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Topic: A question about Grignard reagent and Kumada coupling  (Read 4556 times)

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Offline Sach

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A question about Grignard reagent and Kumada coupling
« on: January 11, 2018, 05:13:13 AM »
I wanted to couple 2 thiophenes (to reactive 2- and 5-positions) to the protected thiophene that you can find in the attachment. First I thought about doing this using Kumada coupling but I in order to perform a Kumada coupling, grignard reagents are required. I could not make Grignard reagent because they react with a carbonyl group and there is a carbonyl group present in my protected thiophene. This was the explanation I had for not using Kumada coupling (because Grignard reagent can't be made). My professor recently told me that there is another reason because of which I can't use Kumada coupling. I did some research but I really can't see another reason (Pd or Ni catalyst is used which is fine I guess).

Thank you in advance

Offline clarkstill

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Re: A question about Grignard reagent and Kumada coupling
« Reply #1 on: January 11, 2018, 10:20:10 AM »
The Kumada coupling forms a C-C bond from a grignard and a molecule containing a C-X bond (X=I,Br,Cl; normally aryl-X or alkenyl-X) - I'm not sure exactly how you hope to use it here.

Offline pgk

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Re: A question about Grignard reagent and Kumada coupling
« Reply #2 on: January 11, 2018, 11:22:31 AM »
But even being a halothiophene derivative, the amide hydrogen will immediately deactivate the Grignard reagent.

Offline Sach

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Re: A question about Grignard reagent and Kumada coupling
« Reply #3 on: January 11, 2018, 11:23:58 AM »
Thnx alot

Offline Sach

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Re: A question about Grignard reagent and Kumada coupling
« Reply #4 on: January 11, 2018, 11:25:46 AM »
Is it because the amide is acidic and will protonate the Grignard reagent?

Offline pgk

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Re: A question about Grignard reagent and Kumada coupling
« Reply #5 on: January 11, 2018, 11:27:45 AM »
Yes, Grignards are strong bases.

Offline Sach

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Re: A question about Grignard reagent and Kumada coupling
« Reply #6 on: January 11, 2018, 11:30:24 AM »
Ok, thank you very much

Offline rolnor

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Re: A question about Grignard reagent and Kumada coupling
« Reply #7 on: January 11, 2018, 02:10:38 PM »
You could try a Stille-coupling where you use a tin-derivative instead of a boronic acid. I have done this reaction and you can use PdCl2 as catalyst, I think this is because the tin-derivative reduces it in situ to Pd(0).

https://en.wikipedia.org/wiki/Stille_reaction


Offline Sach

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Re: A question about Grignard reagent and Kumada coupling
« Reply #9 on: January 11, 2018, 05:41:29 PM »
Thnx
I can certainly propose this in my thesis as I have no time more left to work in the lab.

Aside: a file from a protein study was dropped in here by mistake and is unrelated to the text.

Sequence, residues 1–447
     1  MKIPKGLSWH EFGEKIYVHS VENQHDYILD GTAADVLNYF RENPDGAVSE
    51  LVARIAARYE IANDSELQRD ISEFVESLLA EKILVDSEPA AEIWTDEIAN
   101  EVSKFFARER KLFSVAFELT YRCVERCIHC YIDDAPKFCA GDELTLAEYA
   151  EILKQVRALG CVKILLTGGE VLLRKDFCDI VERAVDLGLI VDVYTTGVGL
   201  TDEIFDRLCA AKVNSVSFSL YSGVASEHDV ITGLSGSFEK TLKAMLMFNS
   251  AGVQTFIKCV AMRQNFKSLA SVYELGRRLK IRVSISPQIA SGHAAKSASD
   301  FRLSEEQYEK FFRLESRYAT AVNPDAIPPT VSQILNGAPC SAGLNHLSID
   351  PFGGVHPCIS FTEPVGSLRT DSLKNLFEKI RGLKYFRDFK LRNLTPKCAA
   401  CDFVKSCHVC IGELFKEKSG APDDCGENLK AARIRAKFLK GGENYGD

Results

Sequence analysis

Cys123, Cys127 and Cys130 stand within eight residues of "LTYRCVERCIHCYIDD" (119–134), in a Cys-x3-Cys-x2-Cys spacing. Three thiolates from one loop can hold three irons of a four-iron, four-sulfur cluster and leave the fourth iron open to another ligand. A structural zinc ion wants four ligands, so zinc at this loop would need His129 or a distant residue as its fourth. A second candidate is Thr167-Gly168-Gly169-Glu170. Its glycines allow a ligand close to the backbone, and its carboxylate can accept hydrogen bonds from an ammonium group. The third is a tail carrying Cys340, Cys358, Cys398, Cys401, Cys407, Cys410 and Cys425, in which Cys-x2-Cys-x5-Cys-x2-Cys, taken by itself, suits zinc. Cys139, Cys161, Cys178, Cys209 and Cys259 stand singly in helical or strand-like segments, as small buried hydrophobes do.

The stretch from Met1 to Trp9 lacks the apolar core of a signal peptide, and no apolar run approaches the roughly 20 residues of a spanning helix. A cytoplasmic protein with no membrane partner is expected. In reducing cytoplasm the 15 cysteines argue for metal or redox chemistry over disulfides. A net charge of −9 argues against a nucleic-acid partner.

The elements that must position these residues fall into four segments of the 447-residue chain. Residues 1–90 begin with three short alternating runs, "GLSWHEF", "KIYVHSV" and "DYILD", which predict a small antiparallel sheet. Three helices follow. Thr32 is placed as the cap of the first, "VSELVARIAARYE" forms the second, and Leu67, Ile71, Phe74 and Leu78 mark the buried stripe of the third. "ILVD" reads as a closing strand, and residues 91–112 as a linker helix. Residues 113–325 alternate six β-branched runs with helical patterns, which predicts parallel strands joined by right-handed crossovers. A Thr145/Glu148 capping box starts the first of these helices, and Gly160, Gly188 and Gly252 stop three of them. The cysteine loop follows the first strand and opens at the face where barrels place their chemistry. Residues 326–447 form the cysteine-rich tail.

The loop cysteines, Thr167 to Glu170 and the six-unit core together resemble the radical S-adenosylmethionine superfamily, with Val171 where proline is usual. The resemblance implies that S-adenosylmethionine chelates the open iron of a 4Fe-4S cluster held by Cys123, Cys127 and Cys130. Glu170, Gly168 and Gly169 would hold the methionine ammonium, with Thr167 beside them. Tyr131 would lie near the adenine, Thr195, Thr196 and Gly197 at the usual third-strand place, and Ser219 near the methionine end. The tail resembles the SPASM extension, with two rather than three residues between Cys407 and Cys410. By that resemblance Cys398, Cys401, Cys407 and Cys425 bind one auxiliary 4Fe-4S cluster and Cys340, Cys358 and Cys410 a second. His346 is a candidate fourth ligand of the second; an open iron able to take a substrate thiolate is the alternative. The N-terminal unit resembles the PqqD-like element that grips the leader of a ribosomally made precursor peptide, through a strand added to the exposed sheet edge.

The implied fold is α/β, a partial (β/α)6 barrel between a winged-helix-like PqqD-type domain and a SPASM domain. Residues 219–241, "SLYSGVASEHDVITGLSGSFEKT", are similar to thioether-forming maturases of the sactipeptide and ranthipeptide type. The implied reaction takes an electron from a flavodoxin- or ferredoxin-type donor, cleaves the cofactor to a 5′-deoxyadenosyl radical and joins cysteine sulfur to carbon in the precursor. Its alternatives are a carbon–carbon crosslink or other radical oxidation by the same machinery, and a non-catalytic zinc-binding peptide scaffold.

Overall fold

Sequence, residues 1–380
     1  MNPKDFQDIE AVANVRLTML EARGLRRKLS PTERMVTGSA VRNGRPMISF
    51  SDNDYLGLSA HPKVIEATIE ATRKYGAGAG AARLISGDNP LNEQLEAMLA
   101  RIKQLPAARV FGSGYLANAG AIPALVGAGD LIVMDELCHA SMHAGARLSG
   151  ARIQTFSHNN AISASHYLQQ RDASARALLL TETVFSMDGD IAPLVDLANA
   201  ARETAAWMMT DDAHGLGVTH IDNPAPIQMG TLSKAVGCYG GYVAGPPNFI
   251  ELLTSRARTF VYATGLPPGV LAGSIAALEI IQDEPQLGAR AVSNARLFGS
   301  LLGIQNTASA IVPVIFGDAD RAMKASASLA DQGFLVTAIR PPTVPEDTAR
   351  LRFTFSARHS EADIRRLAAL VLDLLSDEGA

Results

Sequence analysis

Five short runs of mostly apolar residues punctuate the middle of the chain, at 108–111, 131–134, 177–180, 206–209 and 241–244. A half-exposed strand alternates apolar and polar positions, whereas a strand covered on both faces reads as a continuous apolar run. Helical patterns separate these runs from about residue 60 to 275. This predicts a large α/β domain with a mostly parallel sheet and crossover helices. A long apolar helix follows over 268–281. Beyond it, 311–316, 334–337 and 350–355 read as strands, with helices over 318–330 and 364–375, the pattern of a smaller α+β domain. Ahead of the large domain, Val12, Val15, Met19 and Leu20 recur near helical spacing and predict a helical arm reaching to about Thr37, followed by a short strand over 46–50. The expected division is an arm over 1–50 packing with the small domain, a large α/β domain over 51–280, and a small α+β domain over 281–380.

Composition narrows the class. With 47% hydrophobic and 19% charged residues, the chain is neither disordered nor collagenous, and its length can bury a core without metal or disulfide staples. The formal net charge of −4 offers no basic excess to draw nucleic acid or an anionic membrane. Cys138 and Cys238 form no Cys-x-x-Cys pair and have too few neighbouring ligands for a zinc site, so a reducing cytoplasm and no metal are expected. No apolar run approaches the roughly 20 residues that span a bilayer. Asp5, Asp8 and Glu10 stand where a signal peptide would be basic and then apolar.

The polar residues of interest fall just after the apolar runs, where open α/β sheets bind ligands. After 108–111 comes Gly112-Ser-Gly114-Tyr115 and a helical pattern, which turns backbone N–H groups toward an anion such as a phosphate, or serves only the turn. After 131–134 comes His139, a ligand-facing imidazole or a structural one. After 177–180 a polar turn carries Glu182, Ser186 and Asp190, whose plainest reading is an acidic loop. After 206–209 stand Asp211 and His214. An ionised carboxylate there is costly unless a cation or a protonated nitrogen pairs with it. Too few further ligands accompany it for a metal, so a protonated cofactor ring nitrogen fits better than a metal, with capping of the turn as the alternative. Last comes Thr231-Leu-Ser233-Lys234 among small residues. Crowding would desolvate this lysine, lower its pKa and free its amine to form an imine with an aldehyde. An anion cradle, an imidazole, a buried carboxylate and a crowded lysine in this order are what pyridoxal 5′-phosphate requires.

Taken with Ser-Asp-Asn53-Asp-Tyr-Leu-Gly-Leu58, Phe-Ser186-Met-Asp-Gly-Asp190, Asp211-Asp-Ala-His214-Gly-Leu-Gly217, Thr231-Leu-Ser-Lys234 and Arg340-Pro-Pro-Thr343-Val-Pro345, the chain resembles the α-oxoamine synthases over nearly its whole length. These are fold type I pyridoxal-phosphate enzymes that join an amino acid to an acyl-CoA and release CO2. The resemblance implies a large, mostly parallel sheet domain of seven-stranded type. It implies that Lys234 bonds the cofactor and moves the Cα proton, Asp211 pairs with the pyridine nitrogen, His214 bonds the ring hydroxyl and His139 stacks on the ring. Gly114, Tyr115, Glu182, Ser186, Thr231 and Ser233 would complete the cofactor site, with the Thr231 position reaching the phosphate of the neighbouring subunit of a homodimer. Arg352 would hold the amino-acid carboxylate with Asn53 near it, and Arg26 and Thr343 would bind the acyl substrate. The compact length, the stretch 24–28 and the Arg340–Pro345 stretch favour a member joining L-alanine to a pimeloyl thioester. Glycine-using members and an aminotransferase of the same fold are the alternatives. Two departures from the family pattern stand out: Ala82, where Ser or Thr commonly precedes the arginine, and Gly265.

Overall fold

Offline kriggy

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Re: A question about Grignard reagent and Kumada coupling
« Reply #10 on: January 12, 2018, 01:29:42 AM »
You can use the halothiophene and grignard, just use more of the grignard when the first eq. will be consumed by the amidic proton.

Offline rolnor

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Re: A question about Grignard reagent and Kumada coupling
« Reply #11 on: January 12, 2018, 05:10:46 AM »
The Grignard will attack the carbamate-carbonyl?

Offline pgk

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Re: A question about Grignard reagent and Kumada coupling
« Reply #12 on: January 12, 2018, 12:42:02 PM »
Alkylmagnesium halide will give trialkylcarbinol + benzyl alcohol + (N-)alkyl 3-thiophenamide.
But usually, low yields are obtained by using excess of Grignard reagents when active (acidic) hydrogens are present; in addition to the vigorous (and dangerous) formation of hydrogen gas (windows must be open during the reaction, in order to avoid any formation of 2/1 explosive mixture).
« Last Edit: January 12, 2018, 12:57:04 PM by pgk »

Offline rolnor

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Re: A question about Grignard reagent and Kumada coupling
« Reply #13 on: January 12, 2018, 06:50:25 PM »
If, for example, methylmagnesiumbromide reacts with a acidic hydrogen, does this not form methane, not hydrogen?

Offline pgk

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Re: A question about Grignard reagent and Kumada coupling
« Reply #14 on: January 13, 2018, 02:29:20 PM »
Yes, but methane is not a big problem, if the fume’s ventilation is “on”.
The problem is the unreacted magnesium, which is in micro/nanosuspension form and activated by the remaining traces of the preliminary added, iodine crystal that will form magnesium hydride with the “active” hydrogen; which by its turn, will react with another “active” hydrogen and will finally lead to the formation of gaseous hydrogen.
Of course, this problem can be avoided by purchasing pre-prepared methylmagnesium bromide from suppliers.
« Last Edit: January 13, 2018, 02:59:26 PM by pgk »

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